Amoxicillin-loaded PLCL electrospun scaffolds for applications in periodontal tissue engineering

Robyn Macartney, G Burke, Dimitrios Lamprou, Edward Weaver

Research output: Contribution to conferenceAbstractpeer-review

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Abstract

Background: Destructive periodontal diseases are the leading cause of damage to the supporting structures of teeth. This is the principal cause of tooth loss across the globe. Many of the soft tissues supporting the teeth themselves lack a high standard of regenerative capacity and therefore tissue engineered interventions are investigated to aid this process.
Early failure of implants is often caused by tissue integration issues. Lack of tissue integration is frequently owed to peri-implant infections, delayed wound healing and chronic inflammation. This is especially prevalent in terms of dental interventions due to the environment of diverse bacterial flora in the oral cavity. Therefore, here we investigate the addition of a broad-spectrum antibiotic during the electrospinning process as a preventative measure to reduce the potential for failed integration.
Methods: Electrospun scaffolds encapsulating various concentrations of amoxicillin were produced using a medical grade polymer, Poly (D, L-lactide -caprolactone), PLCL. Scaffolds were extensively characterised using physical, chemical, and mechanical analyses. Techniques applied include scanning electron microscopy and associated image analysis, Fourier transform infrared spectroscopy, Raman spectroscopy, and tensile testing methods. Drug release from the electrospun scaffolds was investigated using high performance liquid chromatography. Cell viability/proliferation of a model cell line, U2OS, at the increasing concentrations of amoxicillin was investigated using an MTT assay.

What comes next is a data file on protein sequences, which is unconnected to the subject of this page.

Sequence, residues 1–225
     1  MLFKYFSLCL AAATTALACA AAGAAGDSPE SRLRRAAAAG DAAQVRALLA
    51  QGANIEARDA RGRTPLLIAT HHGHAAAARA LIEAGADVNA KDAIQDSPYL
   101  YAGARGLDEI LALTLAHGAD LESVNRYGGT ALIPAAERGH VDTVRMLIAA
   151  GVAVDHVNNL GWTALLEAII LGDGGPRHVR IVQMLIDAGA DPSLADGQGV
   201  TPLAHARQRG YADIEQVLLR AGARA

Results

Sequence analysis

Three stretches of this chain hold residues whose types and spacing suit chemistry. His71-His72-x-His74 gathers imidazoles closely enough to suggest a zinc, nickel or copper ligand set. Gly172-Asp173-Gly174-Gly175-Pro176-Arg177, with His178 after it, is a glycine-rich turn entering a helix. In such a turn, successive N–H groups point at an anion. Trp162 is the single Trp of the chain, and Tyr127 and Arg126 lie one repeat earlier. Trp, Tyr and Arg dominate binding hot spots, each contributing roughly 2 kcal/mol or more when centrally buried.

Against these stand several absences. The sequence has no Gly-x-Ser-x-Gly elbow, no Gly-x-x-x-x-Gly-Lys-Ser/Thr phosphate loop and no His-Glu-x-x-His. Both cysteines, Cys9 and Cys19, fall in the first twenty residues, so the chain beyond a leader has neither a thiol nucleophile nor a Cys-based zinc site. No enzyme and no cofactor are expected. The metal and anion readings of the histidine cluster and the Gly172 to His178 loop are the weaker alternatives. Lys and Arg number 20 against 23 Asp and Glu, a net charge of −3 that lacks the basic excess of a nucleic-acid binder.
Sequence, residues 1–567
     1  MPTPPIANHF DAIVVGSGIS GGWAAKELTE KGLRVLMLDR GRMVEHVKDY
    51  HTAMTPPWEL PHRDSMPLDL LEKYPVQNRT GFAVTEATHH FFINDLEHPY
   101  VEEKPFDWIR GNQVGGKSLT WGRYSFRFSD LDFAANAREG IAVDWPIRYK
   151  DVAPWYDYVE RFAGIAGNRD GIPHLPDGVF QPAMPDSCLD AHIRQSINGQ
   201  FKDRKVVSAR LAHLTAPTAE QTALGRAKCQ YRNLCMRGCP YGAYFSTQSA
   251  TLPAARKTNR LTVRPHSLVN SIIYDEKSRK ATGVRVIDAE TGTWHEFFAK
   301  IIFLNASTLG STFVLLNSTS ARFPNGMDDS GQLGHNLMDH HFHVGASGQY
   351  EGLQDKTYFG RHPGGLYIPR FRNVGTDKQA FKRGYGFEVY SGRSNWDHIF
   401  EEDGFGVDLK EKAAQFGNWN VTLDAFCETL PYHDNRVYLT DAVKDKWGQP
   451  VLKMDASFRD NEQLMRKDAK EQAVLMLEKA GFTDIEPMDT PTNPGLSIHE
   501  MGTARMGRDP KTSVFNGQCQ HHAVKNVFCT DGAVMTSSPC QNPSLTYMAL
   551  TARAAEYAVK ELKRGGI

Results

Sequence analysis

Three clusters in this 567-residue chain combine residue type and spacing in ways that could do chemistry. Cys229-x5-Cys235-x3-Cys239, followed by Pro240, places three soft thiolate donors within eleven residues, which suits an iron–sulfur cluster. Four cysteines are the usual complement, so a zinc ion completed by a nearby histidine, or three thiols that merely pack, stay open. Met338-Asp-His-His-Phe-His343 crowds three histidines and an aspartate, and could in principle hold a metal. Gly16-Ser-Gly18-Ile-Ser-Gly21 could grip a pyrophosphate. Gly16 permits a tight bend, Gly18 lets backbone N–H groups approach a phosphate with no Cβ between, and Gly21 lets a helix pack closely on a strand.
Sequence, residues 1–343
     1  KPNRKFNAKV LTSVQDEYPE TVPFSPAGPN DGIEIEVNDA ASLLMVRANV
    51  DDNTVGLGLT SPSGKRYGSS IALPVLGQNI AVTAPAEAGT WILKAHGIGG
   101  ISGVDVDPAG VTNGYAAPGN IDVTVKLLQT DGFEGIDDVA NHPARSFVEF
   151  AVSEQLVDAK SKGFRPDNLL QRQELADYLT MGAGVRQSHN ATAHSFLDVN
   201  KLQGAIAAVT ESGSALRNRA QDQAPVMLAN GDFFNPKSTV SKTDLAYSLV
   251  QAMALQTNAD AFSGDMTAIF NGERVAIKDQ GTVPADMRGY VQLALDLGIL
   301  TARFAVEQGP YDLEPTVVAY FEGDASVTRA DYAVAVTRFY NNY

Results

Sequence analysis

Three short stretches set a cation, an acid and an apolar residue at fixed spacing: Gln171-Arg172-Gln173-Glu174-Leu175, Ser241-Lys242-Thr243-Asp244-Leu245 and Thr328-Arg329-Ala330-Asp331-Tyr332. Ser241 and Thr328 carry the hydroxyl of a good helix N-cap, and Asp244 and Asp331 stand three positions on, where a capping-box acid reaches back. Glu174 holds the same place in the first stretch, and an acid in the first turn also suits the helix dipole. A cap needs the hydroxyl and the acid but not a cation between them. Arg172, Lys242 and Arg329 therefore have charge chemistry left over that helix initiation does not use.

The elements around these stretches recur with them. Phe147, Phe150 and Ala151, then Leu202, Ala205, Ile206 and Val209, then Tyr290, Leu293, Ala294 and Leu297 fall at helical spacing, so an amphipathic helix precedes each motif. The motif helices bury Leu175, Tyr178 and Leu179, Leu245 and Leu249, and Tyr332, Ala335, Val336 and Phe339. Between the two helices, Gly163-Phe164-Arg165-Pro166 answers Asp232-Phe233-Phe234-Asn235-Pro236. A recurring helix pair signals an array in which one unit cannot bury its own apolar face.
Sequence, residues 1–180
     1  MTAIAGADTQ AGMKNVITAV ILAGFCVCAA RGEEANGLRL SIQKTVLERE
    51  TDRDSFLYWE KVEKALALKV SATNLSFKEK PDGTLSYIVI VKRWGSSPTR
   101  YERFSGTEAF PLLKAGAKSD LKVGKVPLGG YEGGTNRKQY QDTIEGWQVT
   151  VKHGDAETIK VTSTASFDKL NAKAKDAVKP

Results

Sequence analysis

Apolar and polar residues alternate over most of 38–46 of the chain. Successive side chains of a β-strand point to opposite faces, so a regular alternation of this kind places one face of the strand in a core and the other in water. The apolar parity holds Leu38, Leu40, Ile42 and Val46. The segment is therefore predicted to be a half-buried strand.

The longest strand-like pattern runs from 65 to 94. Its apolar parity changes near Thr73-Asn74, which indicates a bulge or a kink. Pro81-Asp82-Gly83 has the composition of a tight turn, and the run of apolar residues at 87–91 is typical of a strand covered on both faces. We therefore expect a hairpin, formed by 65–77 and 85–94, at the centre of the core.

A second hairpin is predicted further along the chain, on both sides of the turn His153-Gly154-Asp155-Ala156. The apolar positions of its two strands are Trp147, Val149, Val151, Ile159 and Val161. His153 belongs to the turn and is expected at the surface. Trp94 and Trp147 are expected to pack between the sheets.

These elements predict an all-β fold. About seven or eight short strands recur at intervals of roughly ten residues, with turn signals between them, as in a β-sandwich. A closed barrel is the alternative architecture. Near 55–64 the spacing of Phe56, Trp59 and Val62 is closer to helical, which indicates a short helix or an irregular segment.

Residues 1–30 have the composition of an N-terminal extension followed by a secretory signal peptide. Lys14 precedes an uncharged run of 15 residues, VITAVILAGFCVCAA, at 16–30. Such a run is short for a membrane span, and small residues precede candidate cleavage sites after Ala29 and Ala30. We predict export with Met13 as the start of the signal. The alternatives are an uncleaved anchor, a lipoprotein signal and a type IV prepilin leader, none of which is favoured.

Results: SEM analysis showed the encapsulation of amoxicillin within individual fibres in the matrix, demonstrating an increased fibre diameter after the addition of higher concentrations of amoxicillin during the electrospinning process. Increased intensity of Raman peaks validate the incorporation of amoxicillin to the fibre matrix. Mechanical analysis confirms that despite some alterations in properties following the addition of amoxicillin to the scaffold architecture, the scaffolds remain appropriate for tissue engineering of soft periodontal tissues.
The drug release profile describes a burst release, up to 72 hours of incubation. This was followed by a prolonged release, sustained up to 35 days. Investigations of cell viability via an MTT assay confirm that the incorporation of amoxicillin to the scaffolds does not have any cytotoxic effect up to 7 days of culture.
Conclusions: Scaffolds show appropriate properties for use in tissue engineering applications and potential for sustained release following implantation in vitro.
Original languageEnglish
Pages1
Number of pages1
Publication statusPublished online - 16 May 2023
Event2023 UKICRS Workshop & Symposium - UCL School of Pharmacy, London, United Kingdom
Duration: 8 Jun 20239 Jun 2023
Conference number: 2023
https://www.ukicrs.org/2023-symposium.html

Workshop

Workshop2023 UKICRS Workshop & Symposium
Abbreviated titleUKICRS
Country/TerritoryUnited Kingdom
CityLondon
Period8/06/239/06/23
Internet address

Keywords

  • drug release
  • electrospinning
  • polymer
  • periodontal disease

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